New Metro line to roll over 200 century-old trees
More than 200 trees lining the Janpath-Mandi House area in central Delhi could be chopped to make way for Delhi Metro. These trees, many of which are rich in medicinal properties, are nearly a century old and date back to the time the new Capital was founded.delhi Updated: Oct 10, 2011 23:47 IST
More than 200 trees lining the Janpath-Mandi House area in central Delhi could be chopped to make way for Delhi Metro. These trees, many of which are rich in medicinal properties, are nearly a century old and date back to the time the new Capital was founded.
Yet, within a few days, many such trees will face the axe. Taking their place will be Metro tracks and a Metro station.
Meanwhile, Delhi Metro Rail Corporation (DMRC) has already brought down 36 trees. DMRC officials said that they have obtained permission from the Forest Department to chop as many as 203 trees at various places, including Chelmsford Club, Janpath and Mandi House.
Anuj Dayal, DMRC spokesperson said: "We have compensated the Forest Department for this. We have paid Rs 28,000 for cutting each tree. Now, it's the Forest department's responsibility to carry out afforestation."
As per the norm, the Forest Department plants 10 trees in lieu of each tree that is cut, Dayal said. The Forest Department, however, failed to complete afforestation for thousands of trees that DMRC had chopped during the past decade for construction under phase 1 and 2, reportedly due to shortage of land and staff.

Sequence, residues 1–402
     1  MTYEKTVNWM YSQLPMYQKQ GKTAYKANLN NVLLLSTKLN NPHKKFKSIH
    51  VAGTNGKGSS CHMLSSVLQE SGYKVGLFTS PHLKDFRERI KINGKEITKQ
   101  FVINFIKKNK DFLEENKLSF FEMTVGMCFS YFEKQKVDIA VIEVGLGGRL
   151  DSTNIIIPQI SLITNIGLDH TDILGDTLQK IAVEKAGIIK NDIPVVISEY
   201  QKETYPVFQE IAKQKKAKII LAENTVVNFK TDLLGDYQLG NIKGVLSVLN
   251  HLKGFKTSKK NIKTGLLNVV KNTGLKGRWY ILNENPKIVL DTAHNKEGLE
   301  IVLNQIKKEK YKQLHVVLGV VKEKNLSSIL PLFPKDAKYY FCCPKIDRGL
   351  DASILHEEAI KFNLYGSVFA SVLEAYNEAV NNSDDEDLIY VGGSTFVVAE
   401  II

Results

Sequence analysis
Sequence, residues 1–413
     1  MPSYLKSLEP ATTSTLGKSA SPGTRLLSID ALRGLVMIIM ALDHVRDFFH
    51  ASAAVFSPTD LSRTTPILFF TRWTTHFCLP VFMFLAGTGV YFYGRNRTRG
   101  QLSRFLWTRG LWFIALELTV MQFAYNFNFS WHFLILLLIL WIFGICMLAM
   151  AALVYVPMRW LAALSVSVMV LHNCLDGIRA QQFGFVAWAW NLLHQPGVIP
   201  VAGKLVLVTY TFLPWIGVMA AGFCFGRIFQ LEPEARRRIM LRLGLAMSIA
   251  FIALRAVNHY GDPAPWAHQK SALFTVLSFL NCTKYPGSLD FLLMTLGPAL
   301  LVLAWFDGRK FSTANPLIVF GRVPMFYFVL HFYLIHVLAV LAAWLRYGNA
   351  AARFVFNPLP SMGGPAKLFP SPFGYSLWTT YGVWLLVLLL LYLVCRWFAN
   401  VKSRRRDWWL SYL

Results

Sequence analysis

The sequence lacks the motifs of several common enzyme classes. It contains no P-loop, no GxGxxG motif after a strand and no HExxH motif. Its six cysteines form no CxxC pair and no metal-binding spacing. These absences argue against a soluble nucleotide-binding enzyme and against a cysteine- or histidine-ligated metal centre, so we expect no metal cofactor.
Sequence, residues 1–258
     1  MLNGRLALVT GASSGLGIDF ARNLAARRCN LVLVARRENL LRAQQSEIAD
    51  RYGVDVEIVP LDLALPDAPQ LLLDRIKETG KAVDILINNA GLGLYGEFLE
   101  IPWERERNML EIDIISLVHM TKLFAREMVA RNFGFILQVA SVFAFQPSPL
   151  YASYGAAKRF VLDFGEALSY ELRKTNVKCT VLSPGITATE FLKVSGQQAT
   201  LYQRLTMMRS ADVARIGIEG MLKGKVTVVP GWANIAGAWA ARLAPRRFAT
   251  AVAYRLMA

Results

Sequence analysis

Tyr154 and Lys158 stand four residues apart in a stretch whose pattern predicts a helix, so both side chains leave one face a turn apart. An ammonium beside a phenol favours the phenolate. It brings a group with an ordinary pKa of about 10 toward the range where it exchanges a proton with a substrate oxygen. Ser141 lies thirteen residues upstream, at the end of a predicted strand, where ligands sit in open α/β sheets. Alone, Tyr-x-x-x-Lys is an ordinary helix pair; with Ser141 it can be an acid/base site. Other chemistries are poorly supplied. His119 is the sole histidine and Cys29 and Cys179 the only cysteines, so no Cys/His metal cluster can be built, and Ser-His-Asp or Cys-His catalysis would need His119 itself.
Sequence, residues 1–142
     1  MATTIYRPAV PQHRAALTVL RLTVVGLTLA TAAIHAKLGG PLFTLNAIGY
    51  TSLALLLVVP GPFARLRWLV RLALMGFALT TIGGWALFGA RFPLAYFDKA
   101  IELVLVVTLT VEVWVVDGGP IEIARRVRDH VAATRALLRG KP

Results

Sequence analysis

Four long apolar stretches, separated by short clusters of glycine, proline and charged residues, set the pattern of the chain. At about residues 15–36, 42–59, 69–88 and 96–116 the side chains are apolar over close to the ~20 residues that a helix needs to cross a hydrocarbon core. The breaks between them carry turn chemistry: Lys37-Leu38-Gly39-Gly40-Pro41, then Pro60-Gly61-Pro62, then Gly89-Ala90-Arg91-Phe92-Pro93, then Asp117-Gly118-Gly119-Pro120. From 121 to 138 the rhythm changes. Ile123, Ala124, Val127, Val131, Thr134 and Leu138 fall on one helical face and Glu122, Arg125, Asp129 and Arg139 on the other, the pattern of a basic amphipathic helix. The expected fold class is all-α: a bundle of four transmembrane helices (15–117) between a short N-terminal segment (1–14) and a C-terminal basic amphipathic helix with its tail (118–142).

DMRC has already paid Rs 15.34 crore to the department during the last 10 years, officials said. "In such cases, we carry out afforestation on forest land. But now, we have severe shortage of land where afforestation can take place," said Rajgopal Prashant, Deputy Conservator of Forests (South). "Afforestation will not benefit us at least for three to four decades," said Ajay Mahajan, a member of Kalpbriksh, an NGO working on environment issues. He said DMRC was environment-sensitive during phase 1.
"But from phase 2, their sensitivity has reduced. Choosing alignment through green belts shows that saving trees is no longer their priority. The Central Secretariat-Badarpur corridor and the Gurgaon line pass through a rich green belt," he added.
Dayal, however, said DMRC would also carry out a plantation and greening drive around the station premises after completion of the Metro construction under phase 3 - scheduled to be over by 2016.
First Published: Oct 10, 2011 23:45 IST